Mysterious skin (2004), Gregg Araki

Traumatic experiences in childhood could leave huge impact on adolescence. To many people, it is impossible to escape those haunting memories, especially the intense ones like the early sexual encounter.

Eight-year-old Neil had sex for the first time with his charming coach, and from then on no other man could ever fulfill the void that his coach left in him.

“And I know some people might think it’s fucked up or terrible or whatever, but what happened that summer is a huge part of me. No one ever made me feel that way, before or since. Like, I was, I was special.”

To Brian, five hours of being raped by an adult was so mentally unbearable that he had to conceive of aliens to compensate for it.

The movie theme of pedophilia and child abuse really reminds me of the case of Charles Jouy and Sophie Adam in Foucault’s L’Histoire de la sexualité. What should we really think of people like Neil’s coach? Is pedophile really an identity?

All deviant forms of sexuality posed threats to the status quo. When it comes to laws or policy making, regarding utilitarianism, what matters is the well-being for most, not for all.

To queer people, it can’t be more accurate that hell is others, but that is the inevitable price we must pay for socializing. We should not ask for transgender bathroom; we’d rather ask for other acceptable forms of tolerance. Happiness is yet a small blanket for a great number of people in a freezing winter night; one’s satisfaction is compensated with another’s suffering.

This is why we cannot fully live the way we want to. Suppressing ourselves, or adjusting ourselves is to some extent a must for socialization.

(to be revised)


Love, Simon (2018)

Being gay seems like not a big deal in America, which poses a question to me at the beginning of this 2018 movie: What could be the thing that resists this boy’s temptation come out?

Then I realized that even in the most prominent liberal culture, gay people still share a universal hesitant feeling engendered from the dominance of hetero-normative discourses.

I’ve been thinking about why I haven’t come out yet. Maybe it doesn’t seem fair that only gay people have to come out. Why is straight the default? Maybe because I’m not so sure this whole being gay thing is forever. Or maybe it’s not that much high school left, part of me wants to hold onto who’ve I’ve always been, just a little longer. And then, when I go to college in Los Angeles, I’ll be gay and proud. I promise. (Simon)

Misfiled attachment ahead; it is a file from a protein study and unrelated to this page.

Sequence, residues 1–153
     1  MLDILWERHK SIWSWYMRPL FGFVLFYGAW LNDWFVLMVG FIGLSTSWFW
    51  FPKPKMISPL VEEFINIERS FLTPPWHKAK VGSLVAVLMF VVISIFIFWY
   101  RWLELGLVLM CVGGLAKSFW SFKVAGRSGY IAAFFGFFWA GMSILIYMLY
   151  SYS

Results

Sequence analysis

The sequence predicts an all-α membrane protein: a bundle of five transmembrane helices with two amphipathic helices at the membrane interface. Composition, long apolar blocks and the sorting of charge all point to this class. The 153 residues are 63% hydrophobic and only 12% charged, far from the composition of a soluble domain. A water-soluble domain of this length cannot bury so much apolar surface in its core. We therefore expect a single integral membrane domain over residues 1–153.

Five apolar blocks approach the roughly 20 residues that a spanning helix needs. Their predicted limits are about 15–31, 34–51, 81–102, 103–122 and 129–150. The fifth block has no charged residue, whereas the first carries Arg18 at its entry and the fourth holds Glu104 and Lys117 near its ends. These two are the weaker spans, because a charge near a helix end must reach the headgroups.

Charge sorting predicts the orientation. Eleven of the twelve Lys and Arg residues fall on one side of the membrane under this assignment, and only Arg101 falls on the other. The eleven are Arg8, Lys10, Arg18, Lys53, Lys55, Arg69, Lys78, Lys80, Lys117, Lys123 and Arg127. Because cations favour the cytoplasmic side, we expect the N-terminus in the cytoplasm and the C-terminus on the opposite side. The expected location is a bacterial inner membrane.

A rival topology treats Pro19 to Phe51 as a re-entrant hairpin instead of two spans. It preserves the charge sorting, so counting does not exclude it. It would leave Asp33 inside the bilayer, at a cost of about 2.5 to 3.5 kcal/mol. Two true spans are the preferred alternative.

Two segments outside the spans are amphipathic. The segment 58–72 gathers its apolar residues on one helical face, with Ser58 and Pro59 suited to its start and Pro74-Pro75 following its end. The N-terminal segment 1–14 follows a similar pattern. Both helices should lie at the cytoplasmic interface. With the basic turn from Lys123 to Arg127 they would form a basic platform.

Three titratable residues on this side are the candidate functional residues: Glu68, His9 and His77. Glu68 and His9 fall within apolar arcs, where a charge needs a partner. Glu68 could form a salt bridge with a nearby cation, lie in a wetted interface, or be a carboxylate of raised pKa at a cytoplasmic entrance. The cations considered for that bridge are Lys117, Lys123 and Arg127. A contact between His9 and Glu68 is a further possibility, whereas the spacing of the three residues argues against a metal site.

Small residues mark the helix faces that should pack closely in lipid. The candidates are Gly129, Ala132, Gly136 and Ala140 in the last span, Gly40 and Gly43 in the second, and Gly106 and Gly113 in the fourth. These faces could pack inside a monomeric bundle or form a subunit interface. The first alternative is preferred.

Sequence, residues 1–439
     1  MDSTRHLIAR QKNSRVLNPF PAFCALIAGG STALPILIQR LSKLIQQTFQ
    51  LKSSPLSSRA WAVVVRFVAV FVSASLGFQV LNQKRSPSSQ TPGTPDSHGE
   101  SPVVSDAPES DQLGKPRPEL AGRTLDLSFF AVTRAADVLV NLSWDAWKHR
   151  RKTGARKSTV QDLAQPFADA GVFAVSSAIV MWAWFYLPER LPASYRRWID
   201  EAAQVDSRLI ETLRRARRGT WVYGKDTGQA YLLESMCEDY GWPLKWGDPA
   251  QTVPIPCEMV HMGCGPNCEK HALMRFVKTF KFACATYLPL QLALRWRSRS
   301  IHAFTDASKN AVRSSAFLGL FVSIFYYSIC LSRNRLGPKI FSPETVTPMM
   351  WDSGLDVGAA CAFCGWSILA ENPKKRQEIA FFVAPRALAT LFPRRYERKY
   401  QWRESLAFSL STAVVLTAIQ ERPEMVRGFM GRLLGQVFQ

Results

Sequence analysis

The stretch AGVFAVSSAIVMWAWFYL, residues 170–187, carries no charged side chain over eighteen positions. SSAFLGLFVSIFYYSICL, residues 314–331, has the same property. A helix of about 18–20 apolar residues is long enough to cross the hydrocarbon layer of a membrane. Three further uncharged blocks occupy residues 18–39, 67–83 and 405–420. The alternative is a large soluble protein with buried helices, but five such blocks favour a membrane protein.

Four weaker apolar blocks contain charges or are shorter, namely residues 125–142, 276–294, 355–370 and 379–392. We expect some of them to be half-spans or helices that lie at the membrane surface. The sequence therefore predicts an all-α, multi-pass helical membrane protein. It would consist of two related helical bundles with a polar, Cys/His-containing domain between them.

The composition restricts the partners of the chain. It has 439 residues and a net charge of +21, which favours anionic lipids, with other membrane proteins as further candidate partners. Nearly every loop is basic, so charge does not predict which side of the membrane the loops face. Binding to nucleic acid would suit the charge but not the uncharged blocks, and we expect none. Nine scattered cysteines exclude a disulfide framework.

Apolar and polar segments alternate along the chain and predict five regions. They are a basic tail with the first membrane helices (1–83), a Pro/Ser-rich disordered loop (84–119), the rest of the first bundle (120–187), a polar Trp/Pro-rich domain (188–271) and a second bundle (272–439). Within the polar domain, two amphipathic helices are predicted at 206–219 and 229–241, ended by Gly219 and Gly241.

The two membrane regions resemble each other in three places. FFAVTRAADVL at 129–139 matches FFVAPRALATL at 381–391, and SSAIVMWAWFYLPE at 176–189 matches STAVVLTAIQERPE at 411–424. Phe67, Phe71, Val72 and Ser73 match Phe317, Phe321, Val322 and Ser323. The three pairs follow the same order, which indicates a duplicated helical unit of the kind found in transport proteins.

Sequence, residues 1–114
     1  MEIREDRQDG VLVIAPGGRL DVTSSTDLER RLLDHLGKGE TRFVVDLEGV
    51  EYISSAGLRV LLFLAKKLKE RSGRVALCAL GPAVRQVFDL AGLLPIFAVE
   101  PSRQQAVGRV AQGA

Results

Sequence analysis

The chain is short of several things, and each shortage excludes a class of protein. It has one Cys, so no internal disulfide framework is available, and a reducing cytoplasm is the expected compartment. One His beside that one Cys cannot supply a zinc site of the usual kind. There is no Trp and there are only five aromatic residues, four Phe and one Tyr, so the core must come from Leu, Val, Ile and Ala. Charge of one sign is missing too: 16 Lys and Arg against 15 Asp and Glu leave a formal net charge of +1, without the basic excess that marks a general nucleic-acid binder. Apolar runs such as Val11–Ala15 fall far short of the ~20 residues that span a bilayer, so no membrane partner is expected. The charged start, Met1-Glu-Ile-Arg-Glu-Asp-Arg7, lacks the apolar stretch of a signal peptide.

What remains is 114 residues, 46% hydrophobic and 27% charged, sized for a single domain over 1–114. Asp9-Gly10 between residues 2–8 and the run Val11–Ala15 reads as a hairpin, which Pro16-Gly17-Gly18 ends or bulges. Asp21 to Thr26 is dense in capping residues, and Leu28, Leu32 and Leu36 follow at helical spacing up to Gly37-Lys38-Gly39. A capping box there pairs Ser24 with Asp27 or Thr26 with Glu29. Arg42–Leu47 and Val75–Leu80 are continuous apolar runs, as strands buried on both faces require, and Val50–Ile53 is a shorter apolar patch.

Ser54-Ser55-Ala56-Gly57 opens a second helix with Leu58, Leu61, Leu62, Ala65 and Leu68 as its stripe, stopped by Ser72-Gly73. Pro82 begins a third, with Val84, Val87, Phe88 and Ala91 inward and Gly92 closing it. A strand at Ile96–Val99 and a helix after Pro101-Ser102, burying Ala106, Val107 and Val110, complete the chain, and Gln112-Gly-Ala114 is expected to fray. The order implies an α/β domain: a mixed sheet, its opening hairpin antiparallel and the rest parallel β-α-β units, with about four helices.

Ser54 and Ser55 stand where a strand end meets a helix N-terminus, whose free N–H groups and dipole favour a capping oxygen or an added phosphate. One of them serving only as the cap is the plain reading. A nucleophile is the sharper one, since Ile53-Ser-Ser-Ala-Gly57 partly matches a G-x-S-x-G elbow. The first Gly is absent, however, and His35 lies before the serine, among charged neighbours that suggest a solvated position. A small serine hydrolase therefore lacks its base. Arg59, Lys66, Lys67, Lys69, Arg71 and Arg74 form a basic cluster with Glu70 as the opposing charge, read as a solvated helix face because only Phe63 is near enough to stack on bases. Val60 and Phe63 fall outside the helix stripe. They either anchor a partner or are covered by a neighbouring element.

We’ve even got to talk about our sexual orientation before moving on with relationships and other socialization activities; Or else, we will definitely still face with the personal questions of our favorite types of partner or some straight guys’ babbles about female bodies. It’s the homo sapiens agenda.

Coming out becomes a pretty serious event, for it reverses almost all the conception that people have about us. Both kinds of reaction, sympathizing and disapproving, are just too tiring to watch. Why the hell Simon’s father cries? He reminds me of my elder sister who did cry when I passively came out.

Every gay guy who decides to come out must embrace the possibility that we could be somehow lonely, for most people can no longer say “I know how it feels” when they listen to our problems.

This is obviously a coming-of-age movie, for it has a happy ending. In reality, Blue could be a fat and bald guy, not that hot dude. I lost my hope in blind date long time ago.

My own private Idaho (1991)

First of, I don’t really get some parts of the movie. Its mosaic narrative style confused me. The only thing that makes sense is the beauty of River Phoenix.

I love motorcycle scenes in boys love movies (watch Eternal summer, 2006). They open a special room for the chemistry between the characters. The warm breath on the nape skin, the moments of intimacy that resonate with my memories of sitting on my crush’s motorbike pillion those days in senior high.

Young, beautiful and reckless, the protagonists of My own private Idaho remind me of the characters in Wong Kar-wai’s Days of being wild. Youth is eternity. Eternity is not so much an infinite sequence of moments as a fleeting glimpse. Goethe said, the moment is eternity.

Since when taking this life seriously becomes a noble way of living? Does Scott really have to live up to his father’s expectation of leading a so-called decent life?

The scene in which Mike confides his unrequited love for Scott is sweet but heartbreaking. Youth is something incomplete, filled with regret in some cases.

But why is it Gus Van Sant’s “private Idaho”? The plot was in fact developed from a novel by John Rechy, but the title was given by Gus Van Sant, and it could be a reference to a song by The B-52’s, which, in its turn, refers to Twilight Zone, the last episode of the TV show The Bewitchin’ Pool, whose story is about the kids being neglected by their parents. And that’s also the story of Mike and Scott.

Mike travels back and forth in his constant search of a distant mother whereas his mother is also in search of her distant family. Such causal cycle is really terrific. What is it that makes searching for one’s own root so important?

Then it was vividly symbolized by a scene of salmons swimming up the waterfall. Salmon has an interesting life. They are born in the headwater, but the coming-of-age ones travel downstream to the ocean. Right here, they enjoy their “days of being wild” and when they get mature, they return to the river source to give birth and die.

But, why narcolepsy? I still don’t know.